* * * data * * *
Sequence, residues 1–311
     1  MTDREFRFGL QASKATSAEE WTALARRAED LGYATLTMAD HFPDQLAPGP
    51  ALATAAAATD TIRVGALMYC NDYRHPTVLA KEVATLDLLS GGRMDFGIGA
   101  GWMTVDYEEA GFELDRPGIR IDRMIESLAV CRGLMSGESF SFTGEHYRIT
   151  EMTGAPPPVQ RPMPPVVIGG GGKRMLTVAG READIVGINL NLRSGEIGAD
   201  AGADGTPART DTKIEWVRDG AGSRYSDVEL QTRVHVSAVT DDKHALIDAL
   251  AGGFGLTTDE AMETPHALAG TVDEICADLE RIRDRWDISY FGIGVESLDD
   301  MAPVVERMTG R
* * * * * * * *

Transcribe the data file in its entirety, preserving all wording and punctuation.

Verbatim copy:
Sequence, residues 1–311
     1  MTDREFRFGL QASKATSAEE WTALARRAED LGYATLTMAD HFPDQLAPGP
    51  ALATAAAATD TIRVGALMYC NDYRHPTVLA KEVATLDLLS GGRMDFGIGA
   101  GWMTVDYEEA GFELDRPGIR IDRMIESLAV CRGLMSGESF SFTGEHYRIT
   151  EMTGAPPPVQ RPMPPVVIGG GGKRMLTVAG READIVGINL NLRSGEIGAD
   201  AGADGTPART DTKIEWVRDG AGSRYSDVEL QTRVHVSAVT DDKHALIDAL
   251  AGGFGLTTDE AMETPHALAG TVDEICADLE RIRDRWDISY FGIGVESLDD
   301  MAPVVERMTG R